Expats in China Create Charity Events for....

Source: Emigrate.co.uk

Many would-be expats fascinated by Chinese history and culture are discouraged from considering the vast country as an expat opportunity due to the sad fact that dogs could be mistreated in certain provinces.

Its a totally viable objection for expats whove known, owned and adored many dogs over decades of their lives, but it fails to take into account the history of dogs in China over centuries and their present day social acceptance.

Nowadays, the plight of street dogs in China is similar to that of their counterparts all over Asia and the West, but eating dogs is now banned in several Chinese cities and is generally condemned in most others. As a result of this change in culture, many dog rescue shelters are now opening across the vast country, giving the chance of survival, health and a loving home for Chinas street dogs.

Two such shelters in Jiangsu province depend, as do their equivalents in the West, on charitable donations and fundraisers used to boost the profiles of street dogs as pets and ensuring their adoption into loving new homes. The two shelters, Wuxis Second Chance Animal Rescue Society (SCARS) and the Suzhou Animal Protection Association, are benefiting from a 60-day charity weight loss fundraiser, started on April 20. Its the second time the fundraiser has been held, with last years event including a sponsored dog walk and raising the yuan equivalent of $6,355 a good result.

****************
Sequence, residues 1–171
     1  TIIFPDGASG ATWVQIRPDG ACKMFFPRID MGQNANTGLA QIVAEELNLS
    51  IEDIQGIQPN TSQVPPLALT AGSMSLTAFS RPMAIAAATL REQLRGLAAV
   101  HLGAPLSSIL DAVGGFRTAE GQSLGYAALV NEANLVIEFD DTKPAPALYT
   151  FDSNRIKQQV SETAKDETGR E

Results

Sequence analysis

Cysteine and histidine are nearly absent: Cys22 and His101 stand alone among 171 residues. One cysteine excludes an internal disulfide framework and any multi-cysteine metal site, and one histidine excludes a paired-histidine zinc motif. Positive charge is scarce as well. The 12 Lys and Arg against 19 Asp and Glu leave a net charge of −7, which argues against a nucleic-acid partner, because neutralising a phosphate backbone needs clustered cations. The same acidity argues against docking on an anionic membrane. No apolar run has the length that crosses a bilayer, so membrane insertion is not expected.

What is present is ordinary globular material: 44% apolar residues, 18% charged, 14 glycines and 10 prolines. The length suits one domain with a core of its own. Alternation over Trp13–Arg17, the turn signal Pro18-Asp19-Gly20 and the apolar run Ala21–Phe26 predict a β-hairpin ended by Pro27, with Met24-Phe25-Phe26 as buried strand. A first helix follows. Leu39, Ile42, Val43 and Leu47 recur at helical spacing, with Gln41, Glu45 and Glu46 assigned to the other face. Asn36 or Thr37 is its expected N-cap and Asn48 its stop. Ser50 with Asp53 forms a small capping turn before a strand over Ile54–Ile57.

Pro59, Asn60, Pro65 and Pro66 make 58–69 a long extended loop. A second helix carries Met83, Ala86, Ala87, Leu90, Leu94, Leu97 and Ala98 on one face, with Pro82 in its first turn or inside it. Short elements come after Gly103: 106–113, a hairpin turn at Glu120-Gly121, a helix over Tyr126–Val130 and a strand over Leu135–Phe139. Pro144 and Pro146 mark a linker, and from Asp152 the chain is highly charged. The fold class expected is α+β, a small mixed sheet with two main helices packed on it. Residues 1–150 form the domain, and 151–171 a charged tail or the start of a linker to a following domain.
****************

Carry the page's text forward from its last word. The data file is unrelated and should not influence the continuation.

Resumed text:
This year, those participating in the event will pay 100 yuan and commit to sending in their current weight on a weekly basis, and can also take part in exercise-related challenges, with hosts of prizes to be won.

Helping to run the SCARS shelter as well as the event is Heather Bijiloos, a Canadian whose home for the past eight years has been Wuxi. After shed rescued two stray street dogs and cared for several more, the word got round and she was asked to help run the SCARS shelter. The first time shed visited the shelter, shed come away with one adopted dog, and immediately became fully involved as a local expat volunteer.

Both of the shelters are in a permanent state of raising enough money to care for a total of 1,000 dogs and, whilst its volunteers are brilliant and work hard, full-time staff are essential for caring and feeding all the dogs. As with many other charitable concerns in and outside China, the pandemic has made fund-raising events difficult or even impossible, mostly due to social distancing and lockdowns.

One expat corporate sponsor is himself a dog-rescuer, having rehomed five dogs and 10 cats in his own apartment. Hes now taking part in the weight loss challenge, and a Japanese expat involved in running the SCARS shelter is convinced the idea is perfect for a time when normal social events simply arent happening. Publicity for the event also raises awareness amongst local people as regards properly caring for their dogs.